On July 17, 2012, Brandon Palakovic, 23, committed suicide by hanging himself in his cell while housed in a solitary confinement unit at State Correctional Institution (SCI) Cresson, a Pennsylvania prison that has since closed its doors.
Nearly two years later, on July 8, 2014, Palakovic’s parents filed a lawsuit against the Pennsylvania Department of Corrections (PADOC). Represented by Bret Grote in association with the Abolitionist Law Center, Mike Healey, and Jules Lobel, Renee and Darian Palakovic seek damages for the alleged role the PADOC had in exacerbating Brandon’s mental health problems and in his passing.
The PADOC and those involved with the management of SCI Cresson stand accused of intentionally withholding necessary health treatment from mentally ill prisoners such as Brandon Palakovic, and repeatedly isolating them in solitary confinement—a practice deemed unconstitutional by the U.S. Department of Justice (DOJ). The defendants declined to comment on the allegations when contacted by Solitary Watch.
The suit alleges that during his thirteen months at Cresson, Palakovic was subjected to the wanton infliction of physical and psychological pain. The complaint argues that prison administration and staff neglected his requests for counseling, his history of self-harm, and his mental health needs, and continued to place him in Restricted Housing Units (RHUs) time and again.
While at Cresson, Brandon Palakovic was prescribed Celexa, an anti-depressant that has documented side effects including suicidal thoughts and impulses. Palakovic had a long, troubled history with medication since childhood, trying to manage his ADHD and Oppositional Defiant Disorder, and Celexa only made him more anxious. He reportedly told his mother that “it [Celexa] made him have crazy thoughts and he hated the way he felt when he was on it. But, they told him he was easier to deal with when he was on it, so he took it.”
Brandon Palakovic was not the first prisoner to commit suicide at SCI Cresson. In December 2011, the federal Justice Department began an 18-month investigation of SCI Cresson and found “Cresson’s use of long-term and extreme forms of solitary confinement on prisoners with serious mental illness… violates their rights under the Eighth Amendment to the U.S. Constitution and under the Americans with Disabilities Act (ADA).” After the discovery of such conditions at SCI Cresson, the DOJ expanded its investigation to include all 28 prisons managed by the Pennsylvania Department of Corrections.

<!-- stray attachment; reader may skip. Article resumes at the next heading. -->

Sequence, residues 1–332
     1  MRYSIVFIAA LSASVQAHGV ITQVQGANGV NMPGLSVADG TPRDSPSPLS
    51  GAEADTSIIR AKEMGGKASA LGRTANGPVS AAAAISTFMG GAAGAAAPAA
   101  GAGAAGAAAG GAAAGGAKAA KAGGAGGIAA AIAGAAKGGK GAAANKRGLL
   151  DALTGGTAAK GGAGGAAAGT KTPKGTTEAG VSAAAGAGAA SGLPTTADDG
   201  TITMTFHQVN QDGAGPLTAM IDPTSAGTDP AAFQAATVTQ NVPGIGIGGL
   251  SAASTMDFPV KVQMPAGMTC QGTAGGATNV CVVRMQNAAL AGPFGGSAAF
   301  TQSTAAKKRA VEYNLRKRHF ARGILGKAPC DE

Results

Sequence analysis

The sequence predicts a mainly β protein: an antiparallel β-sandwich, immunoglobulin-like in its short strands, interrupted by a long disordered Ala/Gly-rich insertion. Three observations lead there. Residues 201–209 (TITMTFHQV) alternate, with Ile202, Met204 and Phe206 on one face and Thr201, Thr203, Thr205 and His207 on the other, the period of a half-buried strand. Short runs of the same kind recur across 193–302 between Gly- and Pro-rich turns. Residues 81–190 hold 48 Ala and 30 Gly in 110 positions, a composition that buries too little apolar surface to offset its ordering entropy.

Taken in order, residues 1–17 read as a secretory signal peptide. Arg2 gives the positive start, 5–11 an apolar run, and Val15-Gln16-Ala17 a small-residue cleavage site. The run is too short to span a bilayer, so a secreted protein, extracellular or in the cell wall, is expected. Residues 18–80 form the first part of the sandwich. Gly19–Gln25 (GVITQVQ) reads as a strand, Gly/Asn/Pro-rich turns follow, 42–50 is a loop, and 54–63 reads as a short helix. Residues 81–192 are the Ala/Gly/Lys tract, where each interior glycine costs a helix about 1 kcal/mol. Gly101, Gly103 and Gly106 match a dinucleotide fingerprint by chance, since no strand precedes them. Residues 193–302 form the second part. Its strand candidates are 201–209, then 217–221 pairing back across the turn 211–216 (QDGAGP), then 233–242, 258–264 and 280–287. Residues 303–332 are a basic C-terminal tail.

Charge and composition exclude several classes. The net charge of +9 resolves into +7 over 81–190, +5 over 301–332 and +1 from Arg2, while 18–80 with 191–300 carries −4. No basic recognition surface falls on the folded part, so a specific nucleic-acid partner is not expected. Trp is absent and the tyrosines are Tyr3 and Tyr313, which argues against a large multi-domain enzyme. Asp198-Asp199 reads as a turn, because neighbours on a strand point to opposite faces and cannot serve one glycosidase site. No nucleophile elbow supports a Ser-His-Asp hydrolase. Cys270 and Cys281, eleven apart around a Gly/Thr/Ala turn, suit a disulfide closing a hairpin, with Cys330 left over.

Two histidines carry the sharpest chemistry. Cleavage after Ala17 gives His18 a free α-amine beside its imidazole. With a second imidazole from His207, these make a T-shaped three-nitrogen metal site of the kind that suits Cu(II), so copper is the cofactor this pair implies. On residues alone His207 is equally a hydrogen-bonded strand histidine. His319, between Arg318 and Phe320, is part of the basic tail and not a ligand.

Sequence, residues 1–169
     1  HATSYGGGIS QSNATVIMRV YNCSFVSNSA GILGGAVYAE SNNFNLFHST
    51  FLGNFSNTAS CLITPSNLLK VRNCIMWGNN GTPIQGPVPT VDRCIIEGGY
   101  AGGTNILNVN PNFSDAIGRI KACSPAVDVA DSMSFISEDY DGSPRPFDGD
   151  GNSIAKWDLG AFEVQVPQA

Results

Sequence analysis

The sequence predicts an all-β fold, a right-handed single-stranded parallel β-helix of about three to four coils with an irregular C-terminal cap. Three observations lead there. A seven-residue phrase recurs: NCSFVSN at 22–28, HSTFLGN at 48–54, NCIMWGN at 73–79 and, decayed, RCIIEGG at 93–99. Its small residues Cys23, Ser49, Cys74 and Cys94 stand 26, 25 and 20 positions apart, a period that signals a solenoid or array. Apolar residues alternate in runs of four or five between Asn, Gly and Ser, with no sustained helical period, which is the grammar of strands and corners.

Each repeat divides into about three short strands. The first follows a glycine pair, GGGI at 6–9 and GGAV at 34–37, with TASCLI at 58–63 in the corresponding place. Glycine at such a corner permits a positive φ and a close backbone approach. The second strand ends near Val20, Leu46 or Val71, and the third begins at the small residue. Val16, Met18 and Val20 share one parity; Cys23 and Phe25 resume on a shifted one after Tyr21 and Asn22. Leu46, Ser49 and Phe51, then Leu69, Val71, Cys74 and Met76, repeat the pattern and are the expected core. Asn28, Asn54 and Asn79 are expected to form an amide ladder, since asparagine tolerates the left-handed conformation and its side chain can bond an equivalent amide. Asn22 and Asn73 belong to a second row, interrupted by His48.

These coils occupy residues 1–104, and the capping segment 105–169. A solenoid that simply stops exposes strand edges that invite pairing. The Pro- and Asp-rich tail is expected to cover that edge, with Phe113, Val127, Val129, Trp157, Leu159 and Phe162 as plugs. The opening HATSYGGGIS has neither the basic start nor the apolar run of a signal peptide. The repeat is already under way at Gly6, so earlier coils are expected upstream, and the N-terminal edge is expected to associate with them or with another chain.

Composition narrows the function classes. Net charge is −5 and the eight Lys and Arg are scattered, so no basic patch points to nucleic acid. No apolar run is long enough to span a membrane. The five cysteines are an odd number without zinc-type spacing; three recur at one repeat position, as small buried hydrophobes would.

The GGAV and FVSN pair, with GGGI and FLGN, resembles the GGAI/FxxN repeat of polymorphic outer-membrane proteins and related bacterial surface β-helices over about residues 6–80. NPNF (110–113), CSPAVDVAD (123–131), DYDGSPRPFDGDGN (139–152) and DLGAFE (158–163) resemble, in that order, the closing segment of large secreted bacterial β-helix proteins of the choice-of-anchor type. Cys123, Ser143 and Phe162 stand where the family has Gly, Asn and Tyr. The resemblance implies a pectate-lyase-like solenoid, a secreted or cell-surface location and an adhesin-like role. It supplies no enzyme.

In an email interview with Solitary Watch, Renee Palakovic said they “were interested in filing some type of lawsuit almost immediately after Brandon took his life,” but had trouble finding an attorney to represent them. Three attorneys turned them away citing the difficulty, and perhaps futility, of taking on such a “huge, governmental system.” The Palakovics had all but given up when Bret Grote approached them about building a case. Grote had previously dealt with the family as an activist with the Human Rights Coalition, but was now a lawyer and founder of the Abolitionist Law Center.
In a statement made to Solitary Watch, Grote shared his thoughts on the case and how it fits into the modern, American philosophy of punishment:
Brandon Palakovic was a casualty of what Dr. Craig Haney has aptly called the war on prisoners. For more than thirty years prison practices in the United States have systematically sought to deprive prisoners of agency and power, creating warehouse prisons characterized by forced idleness, overcrowding, unemployment, the absence of educational and vocational programs, barriers to maintaining familial and community relationships, inadequate to non-existent medical and mental health care, and routine imposition of solitary confinement. These conditions are designed to inflict pain, and serve no constructive social purpose. … he [Brandon] was treated with ritual, institutionalized dehumanization until he could no longer tolerate it.
Grote and the Palakovics hope that, bolstered by the DOJ’s report, they may achieve some posthumous justice for Brandon Palakovic, and help protect others like him who have the misfortune to be young, psychologically disabled, and at the mercy of the prison system.